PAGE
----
WSIL -- Southern Illinois University President Randy Dunn spoke with Illinois senators on Thursday in Springfield to discuss funding that institutions desperately need.
He said the school will not close, but they are really hurting.
"SIU is not going to close. We may look like a very different institution two or three or four years down the line, depending on what happens to state support. We're not going anywhere," he said.
On Wednesday, Dunn released a list of potential cuts the school will have to make if Gov. Bruce Rauner's budget proposal is approved. The proposed fiscal year 2017 budget requests a 20 percent cut to higher education. If that happens, Dunn said programs will be dropped and 400 classes will be cut, and that is only a part of it.
But the proposed budget is not what has Dunn really worried.
He just wants a budget, any budget.
"We still have to rely on some level of state support, whether it's the 20 percent reduction, a ten percent or a 92 percent, whatever comes forward,"
Dunn said. "We cannot do what we do without a consistent and predictable level of state support as we come from this crisis."
Illinois is in its ninth month without a fiscal year 2016 budget and so far SIU has fronted the money to their students and employees, money the state is holding off on.
"Don't forget that we've also floated the state in terms of payments that we hadn't received," he said.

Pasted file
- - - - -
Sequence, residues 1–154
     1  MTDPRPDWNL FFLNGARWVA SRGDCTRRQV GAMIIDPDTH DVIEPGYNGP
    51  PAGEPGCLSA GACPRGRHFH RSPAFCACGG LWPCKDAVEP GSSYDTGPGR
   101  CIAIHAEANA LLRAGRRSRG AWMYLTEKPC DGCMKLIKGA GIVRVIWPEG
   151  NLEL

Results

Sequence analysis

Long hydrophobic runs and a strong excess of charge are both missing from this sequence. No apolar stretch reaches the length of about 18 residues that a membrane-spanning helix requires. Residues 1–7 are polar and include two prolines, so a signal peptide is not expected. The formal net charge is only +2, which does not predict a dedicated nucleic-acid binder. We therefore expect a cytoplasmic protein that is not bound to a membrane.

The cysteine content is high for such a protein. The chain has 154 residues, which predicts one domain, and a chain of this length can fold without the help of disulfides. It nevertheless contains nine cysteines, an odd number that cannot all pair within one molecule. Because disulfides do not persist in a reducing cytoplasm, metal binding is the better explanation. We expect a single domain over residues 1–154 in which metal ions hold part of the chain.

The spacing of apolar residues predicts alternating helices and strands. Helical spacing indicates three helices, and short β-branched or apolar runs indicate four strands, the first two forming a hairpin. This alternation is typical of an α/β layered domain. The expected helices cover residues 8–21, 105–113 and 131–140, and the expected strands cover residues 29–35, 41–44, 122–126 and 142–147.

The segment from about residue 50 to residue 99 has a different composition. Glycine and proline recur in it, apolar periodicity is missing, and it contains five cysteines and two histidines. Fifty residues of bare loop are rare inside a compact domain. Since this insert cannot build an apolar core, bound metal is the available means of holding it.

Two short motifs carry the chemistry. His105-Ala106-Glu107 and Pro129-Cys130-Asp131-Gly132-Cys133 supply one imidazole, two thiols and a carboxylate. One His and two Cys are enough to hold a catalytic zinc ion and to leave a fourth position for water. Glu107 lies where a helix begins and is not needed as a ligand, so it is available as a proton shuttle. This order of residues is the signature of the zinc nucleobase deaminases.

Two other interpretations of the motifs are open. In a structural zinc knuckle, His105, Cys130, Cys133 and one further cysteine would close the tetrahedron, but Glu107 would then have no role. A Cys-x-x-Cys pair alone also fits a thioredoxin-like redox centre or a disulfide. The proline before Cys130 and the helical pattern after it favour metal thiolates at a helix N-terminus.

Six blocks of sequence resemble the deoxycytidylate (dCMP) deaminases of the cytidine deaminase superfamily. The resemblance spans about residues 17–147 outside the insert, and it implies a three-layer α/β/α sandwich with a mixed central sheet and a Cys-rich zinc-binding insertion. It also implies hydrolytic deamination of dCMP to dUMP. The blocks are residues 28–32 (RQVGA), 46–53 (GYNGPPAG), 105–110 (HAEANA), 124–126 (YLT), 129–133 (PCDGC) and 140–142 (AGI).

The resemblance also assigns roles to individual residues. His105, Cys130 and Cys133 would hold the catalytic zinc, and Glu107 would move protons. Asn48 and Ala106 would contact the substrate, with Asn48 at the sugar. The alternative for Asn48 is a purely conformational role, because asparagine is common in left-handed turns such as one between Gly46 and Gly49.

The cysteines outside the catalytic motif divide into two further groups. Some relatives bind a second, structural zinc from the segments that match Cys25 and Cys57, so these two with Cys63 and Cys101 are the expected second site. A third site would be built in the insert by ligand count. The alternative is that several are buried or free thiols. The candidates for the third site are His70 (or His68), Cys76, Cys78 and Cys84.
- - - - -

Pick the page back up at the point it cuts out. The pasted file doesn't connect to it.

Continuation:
Republican state Sen. Dale Righter of Mattoon said it is time lawmakers take action.
"At some point, we need to move forward. Put a bill in committee and have a conversation about it," Righter said.
The senator said discussions and solutions for significant issues always happen behind closed doors at the Capitol but, "that's not working right now."
Righter believes legislation regarding higher education funding needs to be pushed through committee for discussion, whether people support the bills or not, just to get some conversation flowing.
One of those ideas is about performance funding, something Dunn does not want to do.
"It is not in SIU's DNA," Dunn said. "It shuts the door to access for students who, we at SIU, take a chance on. Particularly at SIU Carbondale."
State Sen. Chapin Rose, R-Mahomet, said it is clear the state needs reform.
"We've got to do things to bring your cost of doing business down," Rose said. "So we can create more taxpayers, make it easier for you to operate and put us in a position where we can more consistently and reliably fund you."
Dunn said he knows many potential students are looking elsewhere and fall applications are looking scarce, but it is too early to tell if there is a real problem.